Italians characterize fennel (and eggplant) as being either male or female. The “female” fennel has a thick, round, short, stocky bulb that is used raw in salads and also in cooking. The flatter elongated “male” fennel is primarily used in cooking. The simplest way to enjoy this root vegetable is to drizzle olive oil over thin slices, seasoned with a pinch of salt and dash of pepper.
In the United States and Canada, fennel is often and incorrectly called anise. Although, they both share a similar taste reminiscent of black licorice, they are not the same plant (Fennel vs. Anise).
Fresh fennel and citrus are a classic combination. If you like grapefruit, you could use pink or red grapefruit in place of the blood oranges for a refreshing first course or side dish. Depending on the sweetness (or rather lack of) of the oranges, I will add a non traditional splash of white balsamic. The option is yours.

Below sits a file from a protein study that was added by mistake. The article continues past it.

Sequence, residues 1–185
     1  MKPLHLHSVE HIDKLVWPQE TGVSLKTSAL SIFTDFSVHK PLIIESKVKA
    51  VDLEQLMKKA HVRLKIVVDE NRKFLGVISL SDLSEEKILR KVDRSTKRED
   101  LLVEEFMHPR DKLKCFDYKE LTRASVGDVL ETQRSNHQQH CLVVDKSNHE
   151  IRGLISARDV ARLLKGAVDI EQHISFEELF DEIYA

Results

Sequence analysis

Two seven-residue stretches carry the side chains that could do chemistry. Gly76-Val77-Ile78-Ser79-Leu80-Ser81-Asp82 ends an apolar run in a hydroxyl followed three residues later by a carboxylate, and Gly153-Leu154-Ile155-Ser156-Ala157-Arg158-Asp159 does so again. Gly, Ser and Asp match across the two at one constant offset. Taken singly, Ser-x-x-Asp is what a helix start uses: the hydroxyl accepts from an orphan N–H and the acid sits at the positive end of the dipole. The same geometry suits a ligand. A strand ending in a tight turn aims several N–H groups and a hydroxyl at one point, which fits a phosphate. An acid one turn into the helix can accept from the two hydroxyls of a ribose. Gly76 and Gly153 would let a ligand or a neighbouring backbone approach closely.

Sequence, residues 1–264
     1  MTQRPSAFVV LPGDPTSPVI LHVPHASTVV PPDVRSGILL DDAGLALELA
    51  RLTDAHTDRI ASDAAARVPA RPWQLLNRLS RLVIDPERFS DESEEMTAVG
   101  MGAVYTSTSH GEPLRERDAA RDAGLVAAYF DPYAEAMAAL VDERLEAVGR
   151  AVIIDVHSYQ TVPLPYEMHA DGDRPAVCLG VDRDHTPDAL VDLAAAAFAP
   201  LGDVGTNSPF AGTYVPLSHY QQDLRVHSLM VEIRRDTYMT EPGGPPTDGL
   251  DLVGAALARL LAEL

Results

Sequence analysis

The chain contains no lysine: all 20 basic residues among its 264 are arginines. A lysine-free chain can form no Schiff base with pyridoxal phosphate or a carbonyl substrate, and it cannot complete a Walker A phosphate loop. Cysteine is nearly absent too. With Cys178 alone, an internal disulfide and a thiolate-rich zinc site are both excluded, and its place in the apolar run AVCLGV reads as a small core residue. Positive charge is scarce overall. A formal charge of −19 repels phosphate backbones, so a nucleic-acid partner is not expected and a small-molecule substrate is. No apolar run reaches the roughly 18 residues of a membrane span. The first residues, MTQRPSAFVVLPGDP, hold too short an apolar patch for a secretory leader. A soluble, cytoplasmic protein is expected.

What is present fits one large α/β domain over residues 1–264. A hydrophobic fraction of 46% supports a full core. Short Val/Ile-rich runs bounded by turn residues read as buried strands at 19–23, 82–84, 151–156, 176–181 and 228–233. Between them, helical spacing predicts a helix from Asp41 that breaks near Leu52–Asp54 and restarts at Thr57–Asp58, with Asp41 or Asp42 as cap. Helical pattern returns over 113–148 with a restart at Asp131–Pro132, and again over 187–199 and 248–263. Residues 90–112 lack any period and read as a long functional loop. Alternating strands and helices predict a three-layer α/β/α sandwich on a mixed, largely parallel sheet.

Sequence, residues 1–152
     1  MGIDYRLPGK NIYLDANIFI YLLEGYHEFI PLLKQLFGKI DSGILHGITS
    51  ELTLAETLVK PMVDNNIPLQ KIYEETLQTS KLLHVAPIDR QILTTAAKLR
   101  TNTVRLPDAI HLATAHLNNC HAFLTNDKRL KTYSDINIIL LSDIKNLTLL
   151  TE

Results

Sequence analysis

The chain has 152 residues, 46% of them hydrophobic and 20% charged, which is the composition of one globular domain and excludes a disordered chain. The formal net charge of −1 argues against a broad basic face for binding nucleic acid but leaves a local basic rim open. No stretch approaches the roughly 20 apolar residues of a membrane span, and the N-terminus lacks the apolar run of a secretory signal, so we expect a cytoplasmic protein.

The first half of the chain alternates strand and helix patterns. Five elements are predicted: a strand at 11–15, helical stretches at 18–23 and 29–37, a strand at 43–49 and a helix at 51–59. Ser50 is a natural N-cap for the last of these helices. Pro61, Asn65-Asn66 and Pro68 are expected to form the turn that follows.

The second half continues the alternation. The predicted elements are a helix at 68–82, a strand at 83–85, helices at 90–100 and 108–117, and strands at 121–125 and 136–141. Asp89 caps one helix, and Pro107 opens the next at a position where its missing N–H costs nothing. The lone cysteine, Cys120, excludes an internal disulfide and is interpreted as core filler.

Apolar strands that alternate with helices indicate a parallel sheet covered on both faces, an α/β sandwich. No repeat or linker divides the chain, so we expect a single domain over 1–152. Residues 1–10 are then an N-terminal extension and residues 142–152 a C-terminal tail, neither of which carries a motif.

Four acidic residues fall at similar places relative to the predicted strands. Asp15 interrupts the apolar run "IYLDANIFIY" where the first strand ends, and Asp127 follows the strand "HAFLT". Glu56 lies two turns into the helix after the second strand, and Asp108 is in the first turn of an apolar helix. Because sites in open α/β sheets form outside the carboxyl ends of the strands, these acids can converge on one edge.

- 1 fennel bulb, thinly sliced
- 2 blood oranges
- 1 navel orange
- 3-4 tablespoons extra-virgin olive oil
- 2 tablespoons fresh lemon juice
- White balsamic vinegar (optional)
- Salt and pepper
- Peel and slice the oranges (careful not to get any of the bitter white pith). Cut into chunks.
- In a medium size bowl, mix the oranges with the fennel.
- Add the olive oil and lemon juice, tossing to coat the fennel and oranges. Season with salt and pepper.
- If your taste buds tell you this dish could use a touch of sweetness, add the white balsamic.